Hillary Clinton’s presidential campaign recently launched “The Briefing”, a fact-checking resource to call out inaccurate attacks on the presidential candidate. Its first installment? A video and clear rebuttal to the unsubstantiated claims made in the book Clinton Cash.
Regardless of political affiliation, for women candidates, setting the record straight is make or break.
Barbara Lee Family Foundation research shows that women candidates can and must respond directly to negative attacks, telling voters what they will do for them. We also know that women are walking a tightrope on the campaign trail – there is little room for misinformation when their every move and message is under scrutiny. It’s important to correct negative attacks immediately and clearly.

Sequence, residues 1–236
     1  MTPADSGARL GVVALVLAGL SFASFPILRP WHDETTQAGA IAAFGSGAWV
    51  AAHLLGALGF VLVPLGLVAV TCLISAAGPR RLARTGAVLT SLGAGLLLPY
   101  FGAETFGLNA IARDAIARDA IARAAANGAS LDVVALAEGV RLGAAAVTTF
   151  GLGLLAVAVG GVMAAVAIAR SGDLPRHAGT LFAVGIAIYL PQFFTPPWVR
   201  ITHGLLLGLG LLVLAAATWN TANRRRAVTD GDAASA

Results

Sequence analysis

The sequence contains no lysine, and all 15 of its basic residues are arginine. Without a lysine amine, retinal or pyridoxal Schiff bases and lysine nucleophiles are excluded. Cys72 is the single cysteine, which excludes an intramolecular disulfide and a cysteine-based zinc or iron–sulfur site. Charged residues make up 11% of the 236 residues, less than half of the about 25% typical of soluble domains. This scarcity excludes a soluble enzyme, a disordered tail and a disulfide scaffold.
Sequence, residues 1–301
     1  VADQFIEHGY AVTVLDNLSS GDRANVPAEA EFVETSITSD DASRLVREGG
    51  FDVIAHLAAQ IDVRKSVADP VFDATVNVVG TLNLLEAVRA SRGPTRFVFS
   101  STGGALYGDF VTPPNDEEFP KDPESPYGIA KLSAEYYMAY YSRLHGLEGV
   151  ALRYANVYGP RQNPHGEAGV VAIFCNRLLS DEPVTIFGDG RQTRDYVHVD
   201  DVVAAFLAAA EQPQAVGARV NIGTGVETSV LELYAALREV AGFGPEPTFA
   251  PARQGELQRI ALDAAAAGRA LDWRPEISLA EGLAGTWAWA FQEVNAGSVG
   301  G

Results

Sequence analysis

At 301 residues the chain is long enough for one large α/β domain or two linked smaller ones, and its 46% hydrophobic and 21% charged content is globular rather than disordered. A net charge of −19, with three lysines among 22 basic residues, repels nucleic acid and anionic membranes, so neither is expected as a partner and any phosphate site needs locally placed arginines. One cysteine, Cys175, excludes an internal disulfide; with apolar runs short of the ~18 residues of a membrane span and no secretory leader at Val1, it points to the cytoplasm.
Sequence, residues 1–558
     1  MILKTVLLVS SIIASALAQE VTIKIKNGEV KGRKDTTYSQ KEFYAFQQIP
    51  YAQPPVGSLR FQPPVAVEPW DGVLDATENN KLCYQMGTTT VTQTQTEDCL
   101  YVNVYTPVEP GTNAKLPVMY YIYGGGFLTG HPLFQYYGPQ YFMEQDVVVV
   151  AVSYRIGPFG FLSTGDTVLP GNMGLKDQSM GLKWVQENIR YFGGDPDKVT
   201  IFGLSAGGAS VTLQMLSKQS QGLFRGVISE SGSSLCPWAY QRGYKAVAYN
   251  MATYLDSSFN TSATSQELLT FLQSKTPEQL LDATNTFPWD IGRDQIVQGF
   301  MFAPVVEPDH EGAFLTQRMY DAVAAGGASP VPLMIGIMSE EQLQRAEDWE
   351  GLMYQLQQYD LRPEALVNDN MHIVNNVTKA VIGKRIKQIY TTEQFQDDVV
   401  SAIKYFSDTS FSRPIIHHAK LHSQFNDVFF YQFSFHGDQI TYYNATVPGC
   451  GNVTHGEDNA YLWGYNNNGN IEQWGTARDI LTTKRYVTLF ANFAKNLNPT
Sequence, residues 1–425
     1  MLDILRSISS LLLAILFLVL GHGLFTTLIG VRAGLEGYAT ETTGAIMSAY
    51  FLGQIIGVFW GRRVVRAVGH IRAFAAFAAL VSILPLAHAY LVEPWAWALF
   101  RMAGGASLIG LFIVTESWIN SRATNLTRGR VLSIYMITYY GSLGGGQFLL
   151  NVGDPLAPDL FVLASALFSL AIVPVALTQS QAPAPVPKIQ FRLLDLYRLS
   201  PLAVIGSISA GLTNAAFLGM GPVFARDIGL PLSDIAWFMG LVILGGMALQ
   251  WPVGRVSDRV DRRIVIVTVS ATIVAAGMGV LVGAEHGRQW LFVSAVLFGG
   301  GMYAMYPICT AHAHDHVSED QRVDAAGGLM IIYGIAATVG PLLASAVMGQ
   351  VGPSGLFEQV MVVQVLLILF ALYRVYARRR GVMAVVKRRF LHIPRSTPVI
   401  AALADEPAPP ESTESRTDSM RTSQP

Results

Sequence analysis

We’ve seen women candidates quickly responding on both sides of the aisle and up and down the ticket: Current presidential candidate Carly Fiorina does it as she defends her record as CEO of Hewlett-Packard. U.S. Senator Jeanne Shaheen did it through a “fact check” section of her website during her re-election campaign. Women must bounce back immediately from setbacks and call in validators to vouch for her qualifications and integrity.
That’s why laying out the facts in something like “The Briefing” is not only fair to voters – it’s smart strategy.